Toughie 3245 – Big Dave's Crossword Blog
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Toughie 3245

Toughie No 3245 by Kcit
Hints and tips by ALP

+ – + – + – + – + – + – + – +

BD Rating – Difficulty * Enjoyment **/***

As a hack, I’ve loved interviewing authors. They’re (generally) intelligent, they spend way too much time on their own so they’re often girlishly chatty and, most importantly, they always say yes to a sit-down because they’ve invariably got a book to promote. I’m equally fascinated by crossword setters. Reading up on Kcit, I was immediately drawn to a chap who went – in one breath – from describing his fear of an empty grid as “horror vacui” to his “squeee!” (sic) when he spotted someone tackling one of his puzzles on the Tube. From the ridiculous to the sublime. Marvellous. And this was certainly breezy, with a fair few insertions, the odd deletion and just four anagrams. Have at it!

PS As Gazza rightly points out below, there is some gentle trickery afoot in the first and last four across.


1a Silky cloth recalled a top article from Paris (6)
ALPACA: A + top (hat?) + one of the usual French articles, reversed/recalled.

4a Book trendy holiday resort? (8)
BRIGHTON: B(ook) + trendy (in a woke way, perhaps?).

9a Minister left in church, one enthralled by Catholic (6)
CLERIC: L(eft) in the usual church + the usual one inside (enthralled by) the usual Catholic.

10a Come down and stay put, idiot! (8)
DIPSTICK: Come down/duck + stay there (ie, don’t twist!) This cropped up just the other day. Do setters meet up every week and challenge each other to set the same word? I’m guessing some of them do.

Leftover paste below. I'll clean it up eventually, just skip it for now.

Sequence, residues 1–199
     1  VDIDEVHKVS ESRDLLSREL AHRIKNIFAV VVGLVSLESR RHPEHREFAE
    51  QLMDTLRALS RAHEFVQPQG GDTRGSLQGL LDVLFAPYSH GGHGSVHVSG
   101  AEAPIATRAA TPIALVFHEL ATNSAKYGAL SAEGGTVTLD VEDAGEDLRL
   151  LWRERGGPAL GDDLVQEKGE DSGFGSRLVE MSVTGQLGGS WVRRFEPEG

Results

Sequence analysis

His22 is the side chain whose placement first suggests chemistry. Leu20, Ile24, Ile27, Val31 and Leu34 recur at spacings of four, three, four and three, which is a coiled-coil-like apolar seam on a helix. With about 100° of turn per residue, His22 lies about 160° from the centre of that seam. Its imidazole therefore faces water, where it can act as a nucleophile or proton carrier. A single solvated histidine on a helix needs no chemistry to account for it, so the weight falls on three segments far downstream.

11a Someone known for pushing son is unusually pushy (8)
SISYPHUS: S(on) + IS + PUSHY, unusually.

13a Celebrity drawn to accept information (6)
LEGEND: Drawn/guided outside (accepting) the usual three-letter info.

15a I’d rally with a spoof, possibly the occasion just passed? (5,5,3)
APRIL FOOL’S DAY: IDRALLY+ASPOOF, possibly. Thank goodness that’s over for another year! For some reason, the wrong image is attached to this clip (if anyone prefers Selena to Loudon you are, of course, dead to me) but this is the only live version I could find.

18a What captures dramatic agile shot? (7,6)

22a One’s followed rivers entering coastal location (6)
QUARRY: Two R(iver)s inside a dock(side area).

24a Try to secure mark of rank, not initially for cap? (8)
HEADGEAR: Try (in court) secures a distinguishing mark (of honour?) missing its first letter (not initially).

26a Gone over first of flowers in morning moisture lots (1,4,3)
A GOOD FEW: Gone/past + O(ver) + early damp, holding F(flowers).

27a Telegraph’s leader, probing expensive Times, rejected – not suitable for all (1-5)
X-RATED: T(elegraph) inside expensive/pricey + the symbol for times, reversed/rejected.

28a Agent‘s failure, coming in too soon, not leaving at the outset (8)
EMISSARY: Failure (ie, not a hit) inside too soon/before time, minus L(eaving).

29a One dead-set on leaving zone frequently (6)
ZEALOT: Z(on)E + often (1,3).


1d Hail charge being added to bill (6)
ACCOST: Bill (the usual account) + charge/price.

2d Group carrying off Fleet Street joke about knight (5,4)
PRESS GANG: Print journalists en masse + joke/crack, with knight (chess) inserted.

3d One may prepare potatoes well (7)
CHIPPER: Double definition. A device (I’d say a person, too, but Chambers doesn’t agree!) that makes French fries and well/hearty.